Four best cities for walking
WALKING is the best way to see a city. And here are the cities in which to walk:
Portland, Oregon (USA) I recently visited Portland, Oregon, and began by taking the bus to an inner-city dormant volcano. Starting out with a beautiful view of the central hub of the city in the distance, the walk begins through a beautiful park before finding a set of lakes. From here you hit an incredibly long and straight road called SE Hawthorne Avenue, toward the Willamette river that chops the city in two. Walking the full length of this road shows the diversity of Portland culturally with the aromas wafting out from restaurants: South Korean, Mexican, Greek, French.
Next are the many coffee and tea shops grinding their own beans to the sound of local music. This area of Portland buzzes with diversity: theatres, music houses, instrument shops, organic farmers markets, art shops and second-hand thrift and furniture stores. It is a relaxed and mellow walking experience as you head toward the river. When you cross the river and beautiful bridge, you hit the high-rise hustle and bustle of downtown. Look up or you’ll miss the glitz of the modern world as you head toward the Pearl District where, again, the chilled nature of the city takes over from the core business district of downtown.
From here, you can head northwest and enter the enchanted world of Forest Park. With over 70 miles (113 kilometres) of trails, the air feels cooler and healthier to each breath you take. A walk in suburbia shows off the true diversity of a city.
London, UK Walking west from Vauxhall Bridge toward Battersea Park on the north side of the Thames is a favourite walk of mine. I love the point when the apartment buildings fade away and I am left with the view of Battersea Power Station, Chelsea Bridge and the Thames as far as Worlds End. The beautiful London plane trees whose branches stretch over the Victorian railings give one the feeling of walking within the trees.
The old water works is on the right as I approach Chelsea Bridge; its tower a reminder of London’s past. I pass Chelsea Bridge along the embankment and look across to Battersea Park, one of London’s greatest parks, though I feel it never gets the recognition it deserves.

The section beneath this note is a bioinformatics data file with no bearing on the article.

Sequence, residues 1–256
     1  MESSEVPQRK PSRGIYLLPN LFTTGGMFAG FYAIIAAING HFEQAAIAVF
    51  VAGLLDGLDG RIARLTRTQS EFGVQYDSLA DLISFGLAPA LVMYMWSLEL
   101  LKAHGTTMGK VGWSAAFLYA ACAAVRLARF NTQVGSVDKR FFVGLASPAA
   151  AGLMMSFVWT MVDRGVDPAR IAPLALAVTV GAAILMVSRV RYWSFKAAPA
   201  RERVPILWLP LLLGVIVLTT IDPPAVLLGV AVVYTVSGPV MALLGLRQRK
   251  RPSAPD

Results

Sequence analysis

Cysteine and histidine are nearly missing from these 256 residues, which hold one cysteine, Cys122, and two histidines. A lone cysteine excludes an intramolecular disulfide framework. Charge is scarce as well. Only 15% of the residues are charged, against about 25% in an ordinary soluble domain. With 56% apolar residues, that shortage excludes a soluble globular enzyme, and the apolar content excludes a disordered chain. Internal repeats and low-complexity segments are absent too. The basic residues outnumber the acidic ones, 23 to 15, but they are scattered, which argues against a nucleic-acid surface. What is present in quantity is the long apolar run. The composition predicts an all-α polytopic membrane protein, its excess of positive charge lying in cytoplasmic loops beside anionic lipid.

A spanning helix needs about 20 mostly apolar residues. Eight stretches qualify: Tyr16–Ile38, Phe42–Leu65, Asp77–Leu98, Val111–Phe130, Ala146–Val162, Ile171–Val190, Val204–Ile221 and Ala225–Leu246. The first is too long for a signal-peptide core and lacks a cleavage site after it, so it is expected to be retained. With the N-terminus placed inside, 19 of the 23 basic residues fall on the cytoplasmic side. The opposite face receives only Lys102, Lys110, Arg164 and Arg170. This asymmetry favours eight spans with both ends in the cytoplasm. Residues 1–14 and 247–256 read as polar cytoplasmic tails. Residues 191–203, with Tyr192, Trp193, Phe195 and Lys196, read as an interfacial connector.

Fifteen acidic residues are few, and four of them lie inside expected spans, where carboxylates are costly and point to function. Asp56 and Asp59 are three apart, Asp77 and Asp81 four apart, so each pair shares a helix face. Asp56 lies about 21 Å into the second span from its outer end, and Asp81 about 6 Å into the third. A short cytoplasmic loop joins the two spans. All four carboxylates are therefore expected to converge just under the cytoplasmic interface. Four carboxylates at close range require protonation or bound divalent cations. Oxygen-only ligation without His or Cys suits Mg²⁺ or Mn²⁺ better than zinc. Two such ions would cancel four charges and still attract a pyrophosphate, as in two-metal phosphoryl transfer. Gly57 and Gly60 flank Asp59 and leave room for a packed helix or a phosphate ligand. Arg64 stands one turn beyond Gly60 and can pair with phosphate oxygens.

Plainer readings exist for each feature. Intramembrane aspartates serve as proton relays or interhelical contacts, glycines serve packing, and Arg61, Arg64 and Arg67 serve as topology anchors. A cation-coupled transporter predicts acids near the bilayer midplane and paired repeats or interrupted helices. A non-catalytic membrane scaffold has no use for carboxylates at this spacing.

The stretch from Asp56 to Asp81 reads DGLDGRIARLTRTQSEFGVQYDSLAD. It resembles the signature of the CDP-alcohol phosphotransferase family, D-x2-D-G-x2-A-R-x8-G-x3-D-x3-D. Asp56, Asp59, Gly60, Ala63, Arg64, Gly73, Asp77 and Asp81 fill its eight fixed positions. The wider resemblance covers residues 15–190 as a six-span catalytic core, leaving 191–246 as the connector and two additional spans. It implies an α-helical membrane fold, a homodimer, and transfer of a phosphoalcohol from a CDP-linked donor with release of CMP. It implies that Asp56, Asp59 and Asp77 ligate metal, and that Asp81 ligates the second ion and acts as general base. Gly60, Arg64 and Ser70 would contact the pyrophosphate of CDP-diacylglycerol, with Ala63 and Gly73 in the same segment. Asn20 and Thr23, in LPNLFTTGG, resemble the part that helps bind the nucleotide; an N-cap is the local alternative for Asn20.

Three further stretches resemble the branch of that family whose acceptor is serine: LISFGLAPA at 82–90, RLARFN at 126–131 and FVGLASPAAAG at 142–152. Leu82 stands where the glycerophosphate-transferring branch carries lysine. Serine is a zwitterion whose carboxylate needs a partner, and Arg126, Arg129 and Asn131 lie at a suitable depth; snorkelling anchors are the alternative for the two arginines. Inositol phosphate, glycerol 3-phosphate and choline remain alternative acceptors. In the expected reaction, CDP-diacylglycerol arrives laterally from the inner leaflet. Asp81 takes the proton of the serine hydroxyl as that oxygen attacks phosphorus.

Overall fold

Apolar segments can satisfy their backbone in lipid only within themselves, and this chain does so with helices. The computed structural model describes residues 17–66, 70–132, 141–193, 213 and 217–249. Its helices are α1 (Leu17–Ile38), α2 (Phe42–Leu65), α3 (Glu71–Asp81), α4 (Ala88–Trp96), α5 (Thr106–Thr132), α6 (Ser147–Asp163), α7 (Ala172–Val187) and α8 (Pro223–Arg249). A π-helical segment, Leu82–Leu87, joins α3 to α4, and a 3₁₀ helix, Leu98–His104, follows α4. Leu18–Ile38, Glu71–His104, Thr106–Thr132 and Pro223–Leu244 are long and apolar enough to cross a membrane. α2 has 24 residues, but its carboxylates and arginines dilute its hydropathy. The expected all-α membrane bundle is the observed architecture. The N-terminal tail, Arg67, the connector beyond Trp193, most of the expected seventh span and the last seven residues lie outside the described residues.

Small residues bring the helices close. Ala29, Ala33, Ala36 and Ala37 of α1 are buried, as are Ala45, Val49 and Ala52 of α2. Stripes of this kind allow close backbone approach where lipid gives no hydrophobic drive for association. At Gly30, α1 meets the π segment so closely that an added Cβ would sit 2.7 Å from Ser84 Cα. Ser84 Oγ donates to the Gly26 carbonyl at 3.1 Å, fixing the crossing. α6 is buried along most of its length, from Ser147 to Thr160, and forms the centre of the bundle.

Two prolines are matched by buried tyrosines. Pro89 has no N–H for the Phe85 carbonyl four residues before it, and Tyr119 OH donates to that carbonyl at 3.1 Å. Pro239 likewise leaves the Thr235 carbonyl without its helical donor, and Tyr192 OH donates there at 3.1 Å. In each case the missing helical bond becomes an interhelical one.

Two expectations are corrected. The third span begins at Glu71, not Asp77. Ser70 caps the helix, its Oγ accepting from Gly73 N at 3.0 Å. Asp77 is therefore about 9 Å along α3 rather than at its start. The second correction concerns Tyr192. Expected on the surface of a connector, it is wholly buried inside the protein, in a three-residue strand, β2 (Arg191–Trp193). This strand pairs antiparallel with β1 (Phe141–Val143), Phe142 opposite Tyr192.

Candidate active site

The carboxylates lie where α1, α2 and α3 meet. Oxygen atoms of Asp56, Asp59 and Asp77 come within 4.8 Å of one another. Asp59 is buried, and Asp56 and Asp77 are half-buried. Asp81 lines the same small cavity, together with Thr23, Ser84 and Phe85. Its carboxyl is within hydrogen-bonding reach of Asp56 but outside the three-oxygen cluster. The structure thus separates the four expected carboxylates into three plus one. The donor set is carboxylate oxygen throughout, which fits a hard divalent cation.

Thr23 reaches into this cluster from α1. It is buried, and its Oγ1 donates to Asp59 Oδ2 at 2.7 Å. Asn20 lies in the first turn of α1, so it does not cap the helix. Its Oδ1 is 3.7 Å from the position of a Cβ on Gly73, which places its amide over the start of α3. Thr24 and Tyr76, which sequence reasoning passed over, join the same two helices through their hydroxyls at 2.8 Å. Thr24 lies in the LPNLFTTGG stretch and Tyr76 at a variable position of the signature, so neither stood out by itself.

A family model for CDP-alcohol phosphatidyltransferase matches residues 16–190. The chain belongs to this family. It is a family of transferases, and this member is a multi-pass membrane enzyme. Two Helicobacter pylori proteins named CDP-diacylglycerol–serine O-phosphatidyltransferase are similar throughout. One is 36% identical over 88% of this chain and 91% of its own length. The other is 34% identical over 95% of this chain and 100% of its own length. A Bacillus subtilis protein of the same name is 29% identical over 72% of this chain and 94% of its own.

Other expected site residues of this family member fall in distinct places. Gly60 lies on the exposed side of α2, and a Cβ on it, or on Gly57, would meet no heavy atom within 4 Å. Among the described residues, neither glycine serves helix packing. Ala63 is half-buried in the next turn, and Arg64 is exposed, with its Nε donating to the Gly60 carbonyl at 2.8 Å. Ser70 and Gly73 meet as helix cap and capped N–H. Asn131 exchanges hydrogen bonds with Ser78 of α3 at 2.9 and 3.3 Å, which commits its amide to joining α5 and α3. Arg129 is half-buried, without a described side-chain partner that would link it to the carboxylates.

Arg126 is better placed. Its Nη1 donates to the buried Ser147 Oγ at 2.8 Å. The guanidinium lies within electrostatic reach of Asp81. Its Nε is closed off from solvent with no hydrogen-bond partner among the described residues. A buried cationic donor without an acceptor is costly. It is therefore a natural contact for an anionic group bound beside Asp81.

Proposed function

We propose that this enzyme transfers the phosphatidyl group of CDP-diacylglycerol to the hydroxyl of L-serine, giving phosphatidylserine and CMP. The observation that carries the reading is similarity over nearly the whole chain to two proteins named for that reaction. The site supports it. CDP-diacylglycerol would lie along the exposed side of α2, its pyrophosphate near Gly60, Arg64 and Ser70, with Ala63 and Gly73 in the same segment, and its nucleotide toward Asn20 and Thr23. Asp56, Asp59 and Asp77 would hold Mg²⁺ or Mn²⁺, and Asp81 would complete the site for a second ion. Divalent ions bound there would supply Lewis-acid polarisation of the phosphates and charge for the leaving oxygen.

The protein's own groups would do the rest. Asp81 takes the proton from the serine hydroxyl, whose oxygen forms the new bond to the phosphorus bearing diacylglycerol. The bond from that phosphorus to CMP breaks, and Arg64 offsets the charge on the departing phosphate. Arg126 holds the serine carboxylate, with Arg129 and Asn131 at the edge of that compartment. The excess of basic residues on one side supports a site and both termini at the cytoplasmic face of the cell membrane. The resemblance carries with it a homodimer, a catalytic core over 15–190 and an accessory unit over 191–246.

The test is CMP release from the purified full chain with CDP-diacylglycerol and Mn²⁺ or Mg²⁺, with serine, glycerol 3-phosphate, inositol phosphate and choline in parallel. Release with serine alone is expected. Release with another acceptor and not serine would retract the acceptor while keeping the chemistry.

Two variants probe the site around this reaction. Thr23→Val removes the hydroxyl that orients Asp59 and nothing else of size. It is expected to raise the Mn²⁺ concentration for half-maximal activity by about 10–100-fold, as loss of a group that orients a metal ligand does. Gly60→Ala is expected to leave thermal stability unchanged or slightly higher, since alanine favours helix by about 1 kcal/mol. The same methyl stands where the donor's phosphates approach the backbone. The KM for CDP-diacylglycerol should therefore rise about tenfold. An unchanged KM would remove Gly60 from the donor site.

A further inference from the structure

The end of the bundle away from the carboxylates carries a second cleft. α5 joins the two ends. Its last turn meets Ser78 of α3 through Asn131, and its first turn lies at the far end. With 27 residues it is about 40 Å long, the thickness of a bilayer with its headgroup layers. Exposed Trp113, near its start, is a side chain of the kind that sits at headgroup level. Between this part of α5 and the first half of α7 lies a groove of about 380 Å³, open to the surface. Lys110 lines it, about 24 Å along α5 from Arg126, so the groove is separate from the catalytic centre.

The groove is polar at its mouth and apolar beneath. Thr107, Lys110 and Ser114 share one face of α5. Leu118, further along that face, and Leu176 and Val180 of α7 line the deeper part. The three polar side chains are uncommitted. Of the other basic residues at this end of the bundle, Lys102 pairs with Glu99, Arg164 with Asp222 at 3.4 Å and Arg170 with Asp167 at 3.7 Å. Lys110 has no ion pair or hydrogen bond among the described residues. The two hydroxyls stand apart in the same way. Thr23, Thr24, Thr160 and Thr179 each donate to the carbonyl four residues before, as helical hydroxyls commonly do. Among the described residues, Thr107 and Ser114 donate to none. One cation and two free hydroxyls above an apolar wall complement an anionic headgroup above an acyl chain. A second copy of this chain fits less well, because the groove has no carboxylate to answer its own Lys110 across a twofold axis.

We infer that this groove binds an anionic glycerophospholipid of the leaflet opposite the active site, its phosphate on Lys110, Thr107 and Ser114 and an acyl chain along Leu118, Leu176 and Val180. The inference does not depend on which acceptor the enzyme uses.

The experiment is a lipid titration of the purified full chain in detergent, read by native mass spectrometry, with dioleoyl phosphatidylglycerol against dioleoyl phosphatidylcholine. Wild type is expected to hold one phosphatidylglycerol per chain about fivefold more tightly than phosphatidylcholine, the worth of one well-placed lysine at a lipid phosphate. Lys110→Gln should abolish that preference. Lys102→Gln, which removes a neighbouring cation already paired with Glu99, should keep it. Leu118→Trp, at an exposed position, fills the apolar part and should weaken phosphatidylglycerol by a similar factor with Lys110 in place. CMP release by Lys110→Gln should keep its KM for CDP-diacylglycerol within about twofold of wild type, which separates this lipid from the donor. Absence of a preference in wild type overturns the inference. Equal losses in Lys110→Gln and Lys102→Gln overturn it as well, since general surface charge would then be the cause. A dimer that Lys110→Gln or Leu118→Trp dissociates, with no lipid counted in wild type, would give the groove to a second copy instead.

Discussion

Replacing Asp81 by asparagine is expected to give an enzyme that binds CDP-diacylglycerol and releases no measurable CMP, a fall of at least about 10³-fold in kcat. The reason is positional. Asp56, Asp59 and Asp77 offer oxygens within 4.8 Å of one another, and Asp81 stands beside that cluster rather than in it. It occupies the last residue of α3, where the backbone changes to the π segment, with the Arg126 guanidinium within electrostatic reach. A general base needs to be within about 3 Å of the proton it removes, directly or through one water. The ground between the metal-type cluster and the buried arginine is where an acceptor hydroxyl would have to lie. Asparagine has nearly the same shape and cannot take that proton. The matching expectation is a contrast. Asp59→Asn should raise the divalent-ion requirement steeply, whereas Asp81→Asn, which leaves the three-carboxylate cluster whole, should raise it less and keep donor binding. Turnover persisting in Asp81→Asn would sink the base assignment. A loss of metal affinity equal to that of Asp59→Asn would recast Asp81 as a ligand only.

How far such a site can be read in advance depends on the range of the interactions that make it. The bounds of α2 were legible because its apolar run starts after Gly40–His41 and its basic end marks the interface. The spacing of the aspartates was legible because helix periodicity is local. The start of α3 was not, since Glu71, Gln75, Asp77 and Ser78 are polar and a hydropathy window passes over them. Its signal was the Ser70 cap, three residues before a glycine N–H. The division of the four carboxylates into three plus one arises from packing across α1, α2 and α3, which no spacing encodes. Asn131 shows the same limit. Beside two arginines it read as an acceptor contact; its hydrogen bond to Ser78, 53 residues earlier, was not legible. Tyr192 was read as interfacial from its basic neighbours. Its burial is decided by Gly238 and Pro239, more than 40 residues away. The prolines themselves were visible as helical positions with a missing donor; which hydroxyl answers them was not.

I stroll past the Peace Pagoda and look across to the houses on the other side of the Thames and wonder if anything looks as Dutch as this view in London. I turn and walk toward the Festival of Britain fountains before reaching the stunning Victorian bandstand – it’s perfect for relaxing and watching people stroll past. If you have arrived on a sunny day this has the feel of one of the greatest spaces in Europe. Such a Parisian feel.
I continue on to the sub-tropical gardens, the first in England, built in 1863 when the park warden travelled to South Africa for horticultural inspiration. I carry on to the 1950s cafe and have an ice cream while sitting on a bench looking across the boating lake to the Victorian rockery. I walk toward Albert Bridge to continue my journey along the Thames totally infused with the beautiful park and the joy and happiness of all the Londoners that make this a perfect urban walk.
Istanbul, Turkey If you love Istanbul, you should walk through it; if you love walking, you should walk through Istanbul. Starting from the Rumeli Castle to Dolmabahçe, on the side of Bosphorus, feel what the great discoverers of ancient history felt when they first saw these lands, and understand why Sultan Mehmet the Conqueror was so eager to make it the capital of his empire after 100 years of Ottoman’s attempts to conquer Constantinople.
You need to touch the ancient stones of Hagia Sophia, smell the Rodos clay, and feel the glory of what was once the biggest worship building in the world. Walk by Byzantine walls, touch its stones, look at the sea and feel the history in your veins. And if you want to walk even earlier in history, go to the first settlement: Khalkedon, which is now the most modern and Westernised part of Istanbul. You can have some tea with locals, talk about politics and get lost in the narrow, chaotic streets.
Go to the old settlements of Beyolu, the back streets of the main walking route Istiklal Street and find yourself in something out of Harry Potter’s universe. If you prefer some colourful buildings, walk through Balat, up the hill until the Armenian school, and feel the diversity and freedom. I have lived in Istanbul for 16 years, and with every walk it is completely different, but in many ways it remains the same: great, giant, glorious. The capital of two continents and greatest empires.
Plovdiv, Bulgaria I love to travel around Europe alone, and few things are as rewarding as walking through a new city for the first time. Plovdiv, the second-largest city in Bulgaria and Europe’s oldest continuously inhabited city, was a particular highlight. The city centre is the longest pedestrian zone in Europe, making it perfect for a ramble. The walk takes in almost a thousand years of architecture and culture, as vibrant Austro-Hungarian buildings overlook the excavated remains of a Roman theatre opposite a particularly stylish 15th-century mosque.
Straying down the back roads took me into the 21st century. Nayden Gerov Street, tucked between the main street and one of the city’s seven hills, hosted a street art festival in 2013, which transformed the walls into an explosion of colour. Opposite the walls, the rocks at the foot of the hill had faces of famous people drawn on them. Of all the street art-heavy areas I’ve seen across Europe, this was the most exciting and imaginative – a modern twist in an ancient city. – The Guardian